woman in natural pool in iceland

Take time to zone out in Iceland. (Photo: Getty Images)

Tips + Trends

From Paris to Berlin, These Late-Night and Early Morning Must-Do’s Are Far From Basic

Space, along with the feeling of freedom it conveys, has become the ultimate travel luxury. Rather than once-packed tourist attractions, travelers are seeking room to move and breathe with peace of mind. As a result, more and more visitors are zoning out by finding unexpected ways to see their favorite cities at off-peak hours.

From late-night adventures to sunrise skateboarding, this approach to travel not only avoids the crowds, but also offers a fresh perspective on some of Europe’s most popular destinations.

And as always, check for travel restrictions or closures before booking your trip.

Swim in a Geothermal River Outside of Reykjavik After Dark

Forged by colliding tectonic plates, Iceland is a place where geysers and other reminders of shifting subterranean magma are never far from sight.

Located a 45-minute drive from the capital of Reykjavik, the natural hot springs of Reykjadalur make for an easy, restorative trip. Since locals flock to these mineral-rich waters in droves during the afternoon, consider swinging by for a late-night dip under the stars.

Greet the Day in Paris by Kayaking Down the Seine

paris skyline at dawn
Take a paddle on the Seine. (Photo: Getty Images)

While most visitors to the City of Light have strolled along the banks of the Seine, few have taken to the water by boat.

For centuries, this aquatic artery was the primary means by which merchants transported their wares through the French capital. As a result, it winds past the city’s most iconic sights, including the Eiffel Tower, the Ile de la Cité, the Louvre, the Musée d’Orsay and both the Grand Palais and Petit Palais.

Rise early to rent a kayak by 9 a.m. and you can soak in all the charm of the 7th arrondissement without ever having to elbow your way past overeager shutterbugs.

Watch the Sunrise over Dubrovnik from the Top of Mount Srd

views of Dubrovnik
Hike Mount Srd to see Dubrovnik from above. (Photo: Getty Images)

“Game of Thrones” fans will recognize the Croatian city’s historic center as the site of King’s Landing. For a dragon’s-eye view of the spectacular walled medieval city, crawl out of bed in the wee hours of the morning and head to nearby Mount Srd.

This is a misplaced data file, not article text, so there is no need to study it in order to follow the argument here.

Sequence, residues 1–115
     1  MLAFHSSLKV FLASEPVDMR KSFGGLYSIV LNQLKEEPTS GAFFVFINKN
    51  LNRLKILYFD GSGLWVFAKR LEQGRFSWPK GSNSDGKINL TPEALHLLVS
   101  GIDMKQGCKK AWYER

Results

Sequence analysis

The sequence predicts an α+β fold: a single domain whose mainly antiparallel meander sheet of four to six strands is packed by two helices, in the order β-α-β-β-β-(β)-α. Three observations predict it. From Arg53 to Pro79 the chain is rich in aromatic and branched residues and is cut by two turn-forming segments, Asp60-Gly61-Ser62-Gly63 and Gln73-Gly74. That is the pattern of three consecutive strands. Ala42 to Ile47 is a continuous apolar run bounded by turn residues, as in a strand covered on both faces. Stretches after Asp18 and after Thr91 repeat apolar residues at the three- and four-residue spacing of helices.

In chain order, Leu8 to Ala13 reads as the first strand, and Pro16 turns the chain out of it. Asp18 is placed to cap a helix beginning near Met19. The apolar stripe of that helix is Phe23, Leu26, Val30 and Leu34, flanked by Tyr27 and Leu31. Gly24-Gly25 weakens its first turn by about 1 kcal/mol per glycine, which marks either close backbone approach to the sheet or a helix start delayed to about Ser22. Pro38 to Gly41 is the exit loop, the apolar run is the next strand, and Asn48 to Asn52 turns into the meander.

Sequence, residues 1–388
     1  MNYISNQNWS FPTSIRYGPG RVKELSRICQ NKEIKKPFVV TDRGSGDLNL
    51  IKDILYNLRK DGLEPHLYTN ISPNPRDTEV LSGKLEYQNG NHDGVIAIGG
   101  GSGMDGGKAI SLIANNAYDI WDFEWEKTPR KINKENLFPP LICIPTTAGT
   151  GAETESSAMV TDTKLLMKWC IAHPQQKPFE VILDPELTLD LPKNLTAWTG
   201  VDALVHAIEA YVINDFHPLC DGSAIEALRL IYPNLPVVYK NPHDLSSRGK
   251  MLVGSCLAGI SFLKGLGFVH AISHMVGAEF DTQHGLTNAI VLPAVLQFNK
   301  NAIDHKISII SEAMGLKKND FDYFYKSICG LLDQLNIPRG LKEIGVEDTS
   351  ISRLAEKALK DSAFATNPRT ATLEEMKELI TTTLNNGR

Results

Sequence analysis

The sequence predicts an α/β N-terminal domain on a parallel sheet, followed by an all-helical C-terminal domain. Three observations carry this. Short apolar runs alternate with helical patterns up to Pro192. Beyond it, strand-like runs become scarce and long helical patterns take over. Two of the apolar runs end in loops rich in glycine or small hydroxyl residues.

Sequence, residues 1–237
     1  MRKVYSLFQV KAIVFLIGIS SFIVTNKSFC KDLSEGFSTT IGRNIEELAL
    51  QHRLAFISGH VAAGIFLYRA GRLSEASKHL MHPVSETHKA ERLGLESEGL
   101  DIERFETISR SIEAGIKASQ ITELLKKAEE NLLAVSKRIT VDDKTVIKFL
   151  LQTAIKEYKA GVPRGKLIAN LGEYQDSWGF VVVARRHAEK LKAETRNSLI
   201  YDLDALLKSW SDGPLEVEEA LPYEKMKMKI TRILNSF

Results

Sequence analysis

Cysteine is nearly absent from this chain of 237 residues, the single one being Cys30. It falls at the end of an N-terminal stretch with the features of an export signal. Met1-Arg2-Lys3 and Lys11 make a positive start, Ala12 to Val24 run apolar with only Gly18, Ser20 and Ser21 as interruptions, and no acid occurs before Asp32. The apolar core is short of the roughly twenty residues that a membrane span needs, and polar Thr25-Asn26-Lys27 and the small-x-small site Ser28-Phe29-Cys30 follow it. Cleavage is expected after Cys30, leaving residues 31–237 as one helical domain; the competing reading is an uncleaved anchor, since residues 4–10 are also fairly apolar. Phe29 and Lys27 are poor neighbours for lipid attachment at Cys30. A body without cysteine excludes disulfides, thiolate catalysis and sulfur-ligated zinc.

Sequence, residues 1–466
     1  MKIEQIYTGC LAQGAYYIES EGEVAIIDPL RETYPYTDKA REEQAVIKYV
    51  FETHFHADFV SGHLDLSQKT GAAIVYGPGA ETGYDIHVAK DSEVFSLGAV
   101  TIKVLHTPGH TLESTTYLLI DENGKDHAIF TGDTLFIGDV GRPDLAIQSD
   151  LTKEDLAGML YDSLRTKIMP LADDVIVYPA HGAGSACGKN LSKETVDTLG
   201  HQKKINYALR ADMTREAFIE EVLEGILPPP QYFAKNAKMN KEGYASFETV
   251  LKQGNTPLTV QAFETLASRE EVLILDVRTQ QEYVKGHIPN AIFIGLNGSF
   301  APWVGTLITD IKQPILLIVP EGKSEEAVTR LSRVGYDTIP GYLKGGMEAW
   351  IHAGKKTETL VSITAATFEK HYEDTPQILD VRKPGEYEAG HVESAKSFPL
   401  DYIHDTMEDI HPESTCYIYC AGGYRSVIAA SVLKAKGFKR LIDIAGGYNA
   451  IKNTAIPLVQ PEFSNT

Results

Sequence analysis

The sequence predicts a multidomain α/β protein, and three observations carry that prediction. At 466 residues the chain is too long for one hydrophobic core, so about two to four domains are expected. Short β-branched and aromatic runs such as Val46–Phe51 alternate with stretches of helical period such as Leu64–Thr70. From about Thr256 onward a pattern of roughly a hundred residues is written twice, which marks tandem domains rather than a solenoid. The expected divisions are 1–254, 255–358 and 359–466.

Scaling a peak before breakfast might sound ambitious, but rest assured that this part of the Dinaric Alps offers a fairly gentle 30- to 60-minute hike to the top, where a white stone fort from the Napoleonic wars shimmers in the first rays of daylight.

Skateboard Down the Landing Strip of an Abandoned WWII-Era Airport in Berlin

skateboarders at tempelhofer park
Hit Tempelhofer Park before the crowd. (Photo: Getty Images)

After the last planes landed at Tempelhof Airport in 2008, the city government of Berlin converted the old landing strip into one of the largest urban parks in the world.

In the evenings, kiteboarders and roller skaters glide down the asphalt strip. If you want to have the whole place practically to yourself, arrive when it first opens at 6 a.m. while most of the city’s famously nocturnal population still slumbers.

Pack your own skateboard or rent one the evening before at hase, a hipster-y sports shop next to the park in the charming neighborhood of Schillerkiez.

Go Night Fishing in the Waters of Lake Geneva, Switzerland

explore lake geneva
Explore Lake Geneva. (Photo: Getty Images)

Perch, pike, trout and whitefish all swim in the pristine waters of this glacial lake. Serious commercial fishers require a license, but amateur enthusiasts require less fussy paperwork.

As pros will tell you, fish are more liable to take the bait after the sun goes down. Grab a flashlight, your gear and a few provisions and you might just be able to snag a trophy-worthy catch. Since much of the shoreline of the lake is private, consider booking a fishing tour, which comes complete with equipment and a guide.

Stargaze at a World-Famous Observatory in Florence

Galileo Galilei first spied three moons of Jupiter from the outskirts Florence, so it’s only fitting that the Tuscan city still holds a place of reverence among contemporary astronomers.

At the Arcetri Astrophysical Observatory, a stone’s throw from the scientific polymath’s villa, visitors can gaze on the heavens. The simulated night sky at the on-site planetarium may be the complex’s most popular feature, but it can never quite match the sense of wonder evoked by viewing the real thing through a telescope.